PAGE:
Non-political reasons why South Africans should emigrate

(Almost) Every South African is currently re-evaluating their situation and reconsidering their decision to stay in South Africa. And who can blame us? There are so many things happening right now like our newly acquired #junkstatus and the dismissal of our Finance Minister, that it leaves my head spinning just thinking about it.

That said, those are definitely not the only reasons for South Africans to want to emigrate to a different country. People who leave every so often gets judged for deciding to do so which is not fair. I’ve come up with more reasons why South Africans might leave their birth country, so before you judge them, consider this:

To Travel More

Let’s be honest here, South Africa is very far from the rest of the world and traveling is ridiculously expensive. In addition to that, our Rand is not worth a whole lot, unless you travel to Asia or the Middle East. Some of us might want to move to Europe so we have more opportunity to travel and experience different cultures.

Financial Reasons

Life in South Africa has become extremely expensive and salaries have not kept pace with profuse price increases in electricity, food, and petrol. One thing that makes me furious is when people compare us to other countries and try to convince me that we actually have it good. What they neglect to mention is that you cannot do a direct exchange rate calculation without taking into account what people in other countries earn. Yes, the UK/Australia/Canada is more expensive but their earnings are much higher than ours. Our minimum wage is a joke in comparison to other countries.

Another thing to keep in mind is in countries like UK and Canada, medical aid and schooling is free. Public transport in the above-mentioned Countries are also top notch, so you don’t have to own a car. Subtract that from your budget and see the difference it makes.  Now tell me why you still think we are financially better off in South Africa.

More Time Off

Who doesn’t want more time to spend with the people you love, doing the things you love? In the UK, employees are entitled to 28 leave days per annum.  Most Scandinavian countries allow 24 – 25 days and the in rest of Europe you can expect to get at least 20 days paid leave annually. Click here for the full list

Their work weeks are also shorter than ours. In South Africa, employers expect employees to work anything from 40 to 45 hours per week. Most European countries work anything from 33 – 38 hours per week and employers encourage flexible working hours.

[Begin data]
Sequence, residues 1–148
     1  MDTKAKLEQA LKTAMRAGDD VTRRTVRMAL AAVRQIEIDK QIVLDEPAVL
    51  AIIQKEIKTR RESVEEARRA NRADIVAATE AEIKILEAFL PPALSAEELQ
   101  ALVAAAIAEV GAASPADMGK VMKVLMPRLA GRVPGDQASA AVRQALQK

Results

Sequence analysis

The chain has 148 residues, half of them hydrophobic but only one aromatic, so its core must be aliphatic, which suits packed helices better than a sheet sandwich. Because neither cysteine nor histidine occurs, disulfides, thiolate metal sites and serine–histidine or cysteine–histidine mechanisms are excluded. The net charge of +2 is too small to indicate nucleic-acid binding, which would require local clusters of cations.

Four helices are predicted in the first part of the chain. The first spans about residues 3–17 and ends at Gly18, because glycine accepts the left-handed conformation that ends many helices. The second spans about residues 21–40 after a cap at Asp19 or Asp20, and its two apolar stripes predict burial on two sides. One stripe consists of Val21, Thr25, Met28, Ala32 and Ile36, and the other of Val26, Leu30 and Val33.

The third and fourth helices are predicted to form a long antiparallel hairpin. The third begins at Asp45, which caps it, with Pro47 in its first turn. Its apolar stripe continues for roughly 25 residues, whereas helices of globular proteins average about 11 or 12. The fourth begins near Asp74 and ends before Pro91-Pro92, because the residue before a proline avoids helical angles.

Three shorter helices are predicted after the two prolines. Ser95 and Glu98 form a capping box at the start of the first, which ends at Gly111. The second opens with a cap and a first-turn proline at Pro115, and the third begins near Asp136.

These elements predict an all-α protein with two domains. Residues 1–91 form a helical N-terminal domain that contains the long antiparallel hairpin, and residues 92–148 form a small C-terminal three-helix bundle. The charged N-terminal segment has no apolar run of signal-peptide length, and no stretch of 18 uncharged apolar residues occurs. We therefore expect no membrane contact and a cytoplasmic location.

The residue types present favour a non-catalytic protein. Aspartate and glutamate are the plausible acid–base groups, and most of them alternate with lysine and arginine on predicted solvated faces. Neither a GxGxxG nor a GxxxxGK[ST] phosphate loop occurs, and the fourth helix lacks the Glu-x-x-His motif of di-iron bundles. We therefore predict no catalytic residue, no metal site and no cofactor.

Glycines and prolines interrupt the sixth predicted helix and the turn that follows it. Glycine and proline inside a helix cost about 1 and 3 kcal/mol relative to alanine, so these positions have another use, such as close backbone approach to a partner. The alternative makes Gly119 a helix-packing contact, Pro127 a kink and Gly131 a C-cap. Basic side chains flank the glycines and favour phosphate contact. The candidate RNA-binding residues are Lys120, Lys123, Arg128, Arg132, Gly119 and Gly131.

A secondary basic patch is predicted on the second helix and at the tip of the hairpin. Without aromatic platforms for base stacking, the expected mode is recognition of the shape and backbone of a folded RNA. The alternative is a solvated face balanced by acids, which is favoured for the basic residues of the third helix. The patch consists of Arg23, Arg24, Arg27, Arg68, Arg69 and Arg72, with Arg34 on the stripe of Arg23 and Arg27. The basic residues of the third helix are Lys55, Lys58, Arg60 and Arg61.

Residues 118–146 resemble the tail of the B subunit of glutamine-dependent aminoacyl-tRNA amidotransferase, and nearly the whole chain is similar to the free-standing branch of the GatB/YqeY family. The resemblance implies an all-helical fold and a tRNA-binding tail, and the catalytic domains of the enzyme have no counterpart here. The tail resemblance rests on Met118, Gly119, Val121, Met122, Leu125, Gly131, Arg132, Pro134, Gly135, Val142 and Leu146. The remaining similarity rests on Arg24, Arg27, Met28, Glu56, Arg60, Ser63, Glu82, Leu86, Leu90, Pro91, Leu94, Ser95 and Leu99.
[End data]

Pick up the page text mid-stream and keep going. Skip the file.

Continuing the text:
Paid Maternity Leave

There is nothing worse than leaving your three-month-old baby with someone else because you can’t afford not to work! Did you know that in Canada you can get up to one year paid maternity leave? Have a look here for maternity leave regulations around the world.

You Can Study For Free

Yes, there are countries that let you study for free, regardless of your nationality but South Africa is not one of them (and probably never will be). In Germany, you can earn a bachelor or masters degree at a public university, while studying in English. Other countries that offer free education are Norway and Iceland.

As you can see there are many valid reasons for us South Africans to leave South Africa and we don’t need your judgment when we do.  In return, we promise to not trash our country and to stay hopeful for those who can’t leave or choose to stay.


5 Comments Add yours

  1. Kerry says:

    The cost of living in Australia is high but you get a lot for your taxes. Great infrastructure (public transport, etc), lots of open spaces and parks, festivals, public education, etc. Property is far more expensive here and think that it’s a lot cheaper in South Africa, even when you compare wages.


    1. Thanks for your input, I really appreciate it!


  2. listohan says:

    My daughter’s parents-in-law left South Africa for Sydney with their four sons 40 years ago amid criticisms they were leaving a sinking ship. As migration to Australia gets harder, looks who’s laughing now as the parents are retired and all the boys are in good jobs or have successful businesses. My daughter’s father-in-law apparently gives thanks for his good fortune daily; he tells me some who stayed are attracted by the convenience of having domestic help. And Christmas comes at the right time of year along with fake snow, but that is tending to vanish with global warming.

    But what is that when compared with an almost complete absence, as distinct from a pre-occupation with, security issues and the ability to plan for one’s children in the expectation those plans can be fulfilled?

    My daughter’s parents-in-law visit reasonably regularly but return to Australia each time saying conditions are worse then they saw on their previous visit and say that visit will be their last.


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